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MSI B450 Tomahawk Motherboard Review

MSI’s UEFI has remained relatively consistent across its range of “gaming” motherboards for AMD & Intel platforms for the last few years. The MSI B450 Tomahawk sports version 5 of MSI’s Click BIOS which launches into an EZ Mode splash screen with an option to head into the advanced mode with the press of F7.

Settings has a number of useful parameters for booting, integrated peripherals and onboard devices. The Advanced entry has the most sub menus and options to play with including the ability to toggle various different compatibility modes for storage and USB devices.

The real substance of the BIOS for most users is found in the OC tab where frequency and voltage settings related to the CPU, DRAM and other system components is found. It is advisable to toggle the “OC Explore Mode” into Expert straight away since the Normal mode does hide some useful options.

MSI implements “A-XMP” profiles, effectively AMD XMP profiles which translates the Intel XMP profiles for the AMD system. In our case the 3200MHz XMP profile on the G.Skill memory kit seemed to translate correctly in terms of major timings, frequency and the voltage, but was not stable.

By default it applied too much voltage (1.38 instead of 1.35 that it showed in the UEFI) and still wasn’t stable, by manually increasing the voltage to 1.4 volts we were able to get the system stable, but even then it would increase the voltage further to 1.44v.

MSI issued an updated v1.10 (build date 03/08/2018) BIOS after we finished our benchmarking, but this new BIOS version exhibited the same problems as the v1.0 BIOS we tested with initially.

There are an extensive array of options for secondary and tertiary DRAM timings, as well as other obscure DRAM parameters. We expect that MSI may need to tweak the “Auto” behaviour of these advanced settings on this motherboard, as well as some of the system voltages, to prevent future issues with XMP profiles.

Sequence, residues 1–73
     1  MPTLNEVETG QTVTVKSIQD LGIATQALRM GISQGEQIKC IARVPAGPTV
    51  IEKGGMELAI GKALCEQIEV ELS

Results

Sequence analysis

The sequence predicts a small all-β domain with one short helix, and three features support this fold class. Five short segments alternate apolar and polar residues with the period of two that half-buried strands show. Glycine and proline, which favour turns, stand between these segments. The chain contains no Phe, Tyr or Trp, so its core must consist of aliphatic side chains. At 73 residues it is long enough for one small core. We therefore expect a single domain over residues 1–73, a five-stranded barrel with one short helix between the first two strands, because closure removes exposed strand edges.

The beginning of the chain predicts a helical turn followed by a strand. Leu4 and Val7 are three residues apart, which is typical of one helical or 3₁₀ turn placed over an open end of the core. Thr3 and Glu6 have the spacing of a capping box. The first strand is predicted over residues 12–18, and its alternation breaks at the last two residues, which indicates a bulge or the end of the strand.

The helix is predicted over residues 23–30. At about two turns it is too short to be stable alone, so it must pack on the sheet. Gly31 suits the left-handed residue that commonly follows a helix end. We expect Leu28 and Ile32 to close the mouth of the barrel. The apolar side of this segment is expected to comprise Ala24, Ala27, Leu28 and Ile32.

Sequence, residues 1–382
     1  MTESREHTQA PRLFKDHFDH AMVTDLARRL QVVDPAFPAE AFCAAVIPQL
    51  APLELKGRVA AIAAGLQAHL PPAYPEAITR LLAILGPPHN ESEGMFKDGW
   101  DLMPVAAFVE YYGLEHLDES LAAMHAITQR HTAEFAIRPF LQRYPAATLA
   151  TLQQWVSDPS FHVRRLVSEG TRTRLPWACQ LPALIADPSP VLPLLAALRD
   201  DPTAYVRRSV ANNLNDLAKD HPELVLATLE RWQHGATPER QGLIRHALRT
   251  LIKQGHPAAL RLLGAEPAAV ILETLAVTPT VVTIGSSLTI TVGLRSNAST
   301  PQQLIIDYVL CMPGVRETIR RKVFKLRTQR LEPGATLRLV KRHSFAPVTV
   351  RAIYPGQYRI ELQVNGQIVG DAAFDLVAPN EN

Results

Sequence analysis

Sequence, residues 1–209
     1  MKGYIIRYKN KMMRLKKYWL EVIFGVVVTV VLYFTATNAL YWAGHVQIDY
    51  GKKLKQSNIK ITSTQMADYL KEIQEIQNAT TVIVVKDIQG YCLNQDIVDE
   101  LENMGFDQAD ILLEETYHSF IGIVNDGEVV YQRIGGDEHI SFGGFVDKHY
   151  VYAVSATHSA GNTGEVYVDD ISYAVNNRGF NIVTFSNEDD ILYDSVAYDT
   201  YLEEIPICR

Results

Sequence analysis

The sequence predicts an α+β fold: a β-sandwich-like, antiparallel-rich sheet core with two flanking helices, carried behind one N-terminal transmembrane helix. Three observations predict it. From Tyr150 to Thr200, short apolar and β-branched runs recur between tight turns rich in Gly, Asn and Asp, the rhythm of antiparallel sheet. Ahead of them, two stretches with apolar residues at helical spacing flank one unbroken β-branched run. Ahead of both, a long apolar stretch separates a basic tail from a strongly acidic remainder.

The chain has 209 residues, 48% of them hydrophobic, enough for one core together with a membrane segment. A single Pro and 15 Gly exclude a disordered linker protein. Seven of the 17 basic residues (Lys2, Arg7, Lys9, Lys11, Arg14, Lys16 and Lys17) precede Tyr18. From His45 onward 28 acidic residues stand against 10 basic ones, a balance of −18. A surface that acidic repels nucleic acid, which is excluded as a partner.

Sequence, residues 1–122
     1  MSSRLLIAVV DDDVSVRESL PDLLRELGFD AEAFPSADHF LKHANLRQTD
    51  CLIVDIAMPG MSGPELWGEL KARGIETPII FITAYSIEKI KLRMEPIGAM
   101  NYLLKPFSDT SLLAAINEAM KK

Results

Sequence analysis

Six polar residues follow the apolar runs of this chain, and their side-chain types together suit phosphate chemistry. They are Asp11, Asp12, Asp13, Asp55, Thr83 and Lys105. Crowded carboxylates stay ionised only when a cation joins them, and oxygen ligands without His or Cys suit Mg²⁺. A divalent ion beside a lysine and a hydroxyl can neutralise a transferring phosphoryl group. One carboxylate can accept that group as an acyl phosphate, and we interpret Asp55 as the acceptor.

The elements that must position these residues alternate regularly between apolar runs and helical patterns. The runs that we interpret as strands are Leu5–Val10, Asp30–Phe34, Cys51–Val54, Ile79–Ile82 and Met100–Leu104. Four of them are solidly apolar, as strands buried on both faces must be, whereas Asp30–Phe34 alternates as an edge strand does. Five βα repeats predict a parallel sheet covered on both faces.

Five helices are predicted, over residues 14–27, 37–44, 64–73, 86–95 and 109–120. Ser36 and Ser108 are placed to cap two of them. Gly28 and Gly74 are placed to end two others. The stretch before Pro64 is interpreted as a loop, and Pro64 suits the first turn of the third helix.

The range of LLC options is extensive with Mode 1 (most aggressive) to Mode 8 (least aggressive). From our testing Mode 4 seemed to be adequate for maintaining the input voltage set in the UEFI at a fairly constant level, Mode 5 resulted in slight reduction to the programmed voltage.

Within this section you can also program the North Bridge (NB) LLC settings, not that there’s much benefit from tinkering with this for the purposes of CPU overclocking, though sometimes increasing it can aid stability.

Some of the AMD-specific CPU features and settings can be found in the “CPU Features” section such as Precision Boost Overdrive settings.

The OC Profile section hasn’t changed a great deal in successive generations, it still allows you to save OC profiles to blank slots, load in OC profiles from a USB stick or export them to a USB stick. It’s a useful capability that should facilitate sharing of decent OC profiles on forums and across the internet more generally.

Hardware Monitor is the primary method of changing fan profiles within the UEFI environment for each of the six fan headers.

The fan controls are adequate for this motherboard allowing you to change the temperature source for each temperature-guided fan profile and the “step-up” time between each of the adjustment thresholds (hysteresis).

The only concern is that there isn’t an easily accessible set of fan profiles – there’s a default (auto-type) option or full speed and the ability to pick between DC or PWM. However, some more traditional pre-calculated fan profiles like Quiet, Normal, Turbo and Full-Speed would be well founded and make fan tuning an easier task.

Board Explorer is a visual interface for seeing what is connected to the various sections of the motherboard and some information about those connected entities.

M-Flash forces you to reboot to enter the flashing process which is somewhat tedious, though in practice all motherboard vendors will eventually reboot multiple times during the flashing process to apply the updates. However, you can’t view any of the M-Flash options or interface without conducting a reboot, whereas most vendors will at least allow you to navigate around in the interface, see what options are available to you and even start the flash, before a reboot is eventually required.

Unlike some rival solutions you can’t see local drives in M-Flash to source the update file or update directly over the internet, only removable media such as USB drives are supported. MSI would benefit from bolstering the functionality of it’s M-Flash utility. The BIOS flashback port on the rear I/O is a bonus at least.

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